Topic

# Ionic potential

About: Ionic potential is a research topic. Over the lifetime, 1052 publications have been published within this topic receiving 30064 citations.

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TL;DR: In this paper, the aqueous ionic radii of 35 ions were calculated from published data of the average distances between the ions and the nearest water molecules, obtained by diffraction and computer simulation methods.

Abstract: The aqueous ionic radii of 35 ions have been calculated from published data of the average distances between the ions and the nearest water molecules, obtained by diffraction and computer simulation methods.

1,306 citations

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966 citations

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TL;DR: In this paper, the authors present a method of calculating the electric charge density of glass and silica surfaces in contact with aqueous electrolytes for two cases of practical relevance that are not amenable to standard techniques: surfaces of low specific area at low ionic strength and surfaces interacting strongly with another anionic surface.

Abstract: We present a method of calculating the electric charge density of glass and silica surfaces in contact with aqueous electrolytes for two cases of practical relevance that are not amenable to standard techniques: surfaces of low specific area at low ionic strength and surfaces interacting strongly with a second anionic surface.

813 citations

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TL;DR: In this article, the authors reported the implementation of a finite-difference algorithm which solves the linearized Poisson-Boltzmann equation for molecules of arbitrary shape and charge distribution, including the screening effects of electrolytes.

Abstract: In this paper we report the implementation of a finite-difference algorithm which solves the linearized Poisson-Boltzmann equation for molecules of arbitrary shape and charge distribution and which includes the screening effects of electrolytes. The microcoding of the algorithm on an ST-100 array processor allows us to obtain electrostatic potential maps in and around a protein, including the effects of ionic strength, in about 30 minutes. We have applied the algorithm to a dimer of the protein Cu-Zn superoxide dismutase (SOD) and compared our results to those obtained from uniform dielectric models based on coulombic potentials. We find that both the shape of the protein-solvent boundary and the ionic strength of the solvent have a profound effect on the potentials in the solvent. For the case of SOD, the cluster of positive charge at the bottom of the active site channel produces a strongly enhanced positive potential due to the focusing of field lines in the channel—a result that cannot be obtained with any uniform dielectric model. The remainder of the protein is surrounded by a weak negative potential. The electrostatic potential of the enzyme seems designed to provide a large cross-sectional area for productive collisions. Based on the ionic strength dependence of the size of the positive potential region emanating from the active site and the repulsive negative potential barrier surrounding the protein, we are able to suggest an explanation for the ionic strength dependence of the activity of the native and chemically modified forms of the enzyme.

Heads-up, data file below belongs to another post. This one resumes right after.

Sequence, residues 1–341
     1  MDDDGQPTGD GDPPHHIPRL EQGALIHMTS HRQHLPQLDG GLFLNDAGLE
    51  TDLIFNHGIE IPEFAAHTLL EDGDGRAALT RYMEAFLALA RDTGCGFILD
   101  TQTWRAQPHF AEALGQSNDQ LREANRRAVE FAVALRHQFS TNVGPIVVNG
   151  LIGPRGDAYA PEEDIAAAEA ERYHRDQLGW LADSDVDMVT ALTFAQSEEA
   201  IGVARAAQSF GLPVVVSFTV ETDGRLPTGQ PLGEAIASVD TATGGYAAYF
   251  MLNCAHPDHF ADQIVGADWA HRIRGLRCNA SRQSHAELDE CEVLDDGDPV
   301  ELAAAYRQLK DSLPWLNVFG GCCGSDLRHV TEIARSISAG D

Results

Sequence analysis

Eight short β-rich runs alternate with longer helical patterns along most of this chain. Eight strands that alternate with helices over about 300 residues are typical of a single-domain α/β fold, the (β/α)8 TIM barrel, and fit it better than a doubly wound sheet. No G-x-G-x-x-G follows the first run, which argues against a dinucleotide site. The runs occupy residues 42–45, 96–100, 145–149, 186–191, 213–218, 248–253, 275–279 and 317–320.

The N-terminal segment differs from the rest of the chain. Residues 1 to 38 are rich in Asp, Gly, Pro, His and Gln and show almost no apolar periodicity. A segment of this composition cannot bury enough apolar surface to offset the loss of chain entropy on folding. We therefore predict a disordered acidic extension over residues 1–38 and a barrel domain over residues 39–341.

704 citations

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TL;DR: In this paper, the hydration free energies of ions exhibit an approximately quadratic dependence on the ionic charge, as predicted by the Born model, and the average and fluctuation of the electrostatic potential at charge sites appear as the first coefficients in a Taylor expansion of the free energy of charging.

Abstract: The hydration free energies of ions exhibit an approximately quadratic dependence on the ionic charge, as predicted by the Born model. We analyze this behavior using second-order perturbation theory. The average and the fluctuation of the electrostatic potential at charge sites appear as the first coefficients in a Taylor expansion of the free energy of charging. Combining the data from different charge states (e.g., charged and uncharged) allows calculation of free-energy profiles as a function of the ionic charge. The first two Taylor coefficients of the free-energy profiles can be computed accurately from equilibrium simulations, but they are affected by a strong system-size dependence. We apply corrections for these finite-size effects by using Ewald lattice summation and adding the self-interactions consistently. An analogous procedure is used for the reaction-field electrostatics. Results are presented for a model ion with methane-like Lennard-Jones parameters in simple point charge water. We find t...

650 citations